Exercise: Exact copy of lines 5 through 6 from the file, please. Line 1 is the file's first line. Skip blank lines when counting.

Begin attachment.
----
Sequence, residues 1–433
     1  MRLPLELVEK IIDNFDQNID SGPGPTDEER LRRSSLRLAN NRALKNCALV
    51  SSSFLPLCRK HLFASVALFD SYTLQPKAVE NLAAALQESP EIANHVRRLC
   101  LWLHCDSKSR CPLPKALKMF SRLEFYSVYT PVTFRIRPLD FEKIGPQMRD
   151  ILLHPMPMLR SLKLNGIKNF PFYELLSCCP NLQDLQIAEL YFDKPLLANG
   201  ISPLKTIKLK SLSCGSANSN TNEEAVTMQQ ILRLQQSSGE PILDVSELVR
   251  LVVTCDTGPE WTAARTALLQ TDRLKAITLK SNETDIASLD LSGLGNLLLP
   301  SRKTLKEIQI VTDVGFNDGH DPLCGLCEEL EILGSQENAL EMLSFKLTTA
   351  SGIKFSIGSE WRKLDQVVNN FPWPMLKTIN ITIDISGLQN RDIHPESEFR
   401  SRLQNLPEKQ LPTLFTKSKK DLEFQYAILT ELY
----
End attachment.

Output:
   151  ILLHPMPMLR SLKLNGIKNF PFYELLSCCP NLQDLQIAEL YFDKPLLANG
   201  ISPLKTIKLK SLSCGSANSN TNEEAVTMQQ ILRLQQSSGE PILDVSELVR